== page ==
Surprisingly well written and unfailingly exciting, The House on Stilts reveals Hazard to be a very fine author indeed, and readers will most likely come away from this book feeling a sense of regret that its creator never tried his/her hand at the craft again. Actually, Smith and Sullivan make for a terrific team – Smith being the timorous yet actually quite capable everyman, with Sullivan supplying the more brazen derring-do – and they could very easily have been the featured stars in a lengthy series of lost-world adventures … if only. Another surprising aspect of the novel is the slow realization that both Varney and the Yellow Queen, characters whom we initially assume will be major players in the story, are ultimately relegated to lesser status, while those Dumb Monks (I can’t help thinking that The Dumb Monks would be a great name for a rock band!) are promoted to major participants. Hazard peppers the novel with glints of occasional humor (such as when Larry says, “Our hosts are early risers,” Jack replies, “Who, the monks?” and Larry comes back with, “Who do you suppose – the New York fire department?”) and touches of grisly horror (such as a Spanish colonel, found dead in his bed, “the cot swarming with centipedes”).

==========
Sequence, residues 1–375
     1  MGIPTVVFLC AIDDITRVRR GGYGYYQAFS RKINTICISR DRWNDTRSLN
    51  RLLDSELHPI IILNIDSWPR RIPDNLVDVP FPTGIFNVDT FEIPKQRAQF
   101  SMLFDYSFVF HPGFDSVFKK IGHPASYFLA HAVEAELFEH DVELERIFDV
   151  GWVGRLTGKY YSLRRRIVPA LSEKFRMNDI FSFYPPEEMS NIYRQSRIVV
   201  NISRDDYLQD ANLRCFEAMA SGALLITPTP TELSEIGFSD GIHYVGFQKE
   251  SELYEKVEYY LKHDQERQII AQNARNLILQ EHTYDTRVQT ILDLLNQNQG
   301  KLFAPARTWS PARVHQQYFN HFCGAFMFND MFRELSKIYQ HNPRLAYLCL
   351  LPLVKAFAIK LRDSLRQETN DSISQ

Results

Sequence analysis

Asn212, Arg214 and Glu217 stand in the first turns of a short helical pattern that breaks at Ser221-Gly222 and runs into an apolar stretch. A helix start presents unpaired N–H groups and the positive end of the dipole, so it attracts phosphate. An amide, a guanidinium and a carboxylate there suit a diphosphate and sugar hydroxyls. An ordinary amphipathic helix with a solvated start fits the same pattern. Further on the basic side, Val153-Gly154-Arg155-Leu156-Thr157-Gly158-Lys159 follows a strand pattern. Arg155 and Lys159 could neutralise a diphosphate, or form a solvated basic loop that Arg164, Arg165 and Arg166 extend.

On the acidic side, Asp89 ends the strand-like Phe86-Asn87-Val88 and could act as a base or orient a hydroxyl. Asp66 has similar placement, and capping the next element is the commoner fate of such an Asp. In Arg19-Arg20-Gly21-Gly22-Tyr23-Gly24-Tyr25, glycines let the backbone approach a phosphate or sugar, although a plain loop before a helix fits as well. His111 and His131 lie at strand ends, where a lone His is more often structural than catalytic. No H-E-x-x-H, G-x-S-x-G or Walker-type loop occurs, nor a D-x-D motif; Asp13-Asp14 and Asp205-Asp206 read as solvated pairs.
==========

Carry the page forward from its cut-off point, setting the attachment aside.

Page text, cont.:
And oh my goodness, how many exciting and well-depicted sequences the author (it’s just struck me that R.H. Hazard even has a name that’s suggestive of H.R. Haggard; could it be a pseudonym homage?) dishes out for his readers! Among the best: Smith stands on sentry duty, alone at night, in a remarkably suspenseful scene, waiting for the Yellow Queen’s forces to attack; that previously mentioned rescue of the maid’s young son; a daring rescue that Jack makes to save Larry from kidnappers; the escape from the voodoo priestess’ cavern; a tour of the monks’ labyrinth; the epic battle between the Voodoos and the monks, utilizing rocks, guns, fire, and molten copper; the battle to the death between Jack and Pietro, a lusty monk who’s set his sights on Norelle; and the capital punishment of Jack, Larry and Norelle, as they are tied to stakes with kindling all around them, set to be ignited by a crystal globe and the slowly advancing rays of the sun. And as if that weren’t enough, Hazard then treats us to four back-to-back-to-back-to back climaxes, featuring the ultimate fate of the monks, Varney’s capture, the final confrontation with the Yellow Queen and the monstrous Dog-Man, and that volcanic eruption, not to mention the revelation of Jack’s mysterious benefactor! It’s all tremendously entertaining stuff, and, had this novel been released around 20 years later, might have made perfect source material for a big-screen adaptation. Again, if only.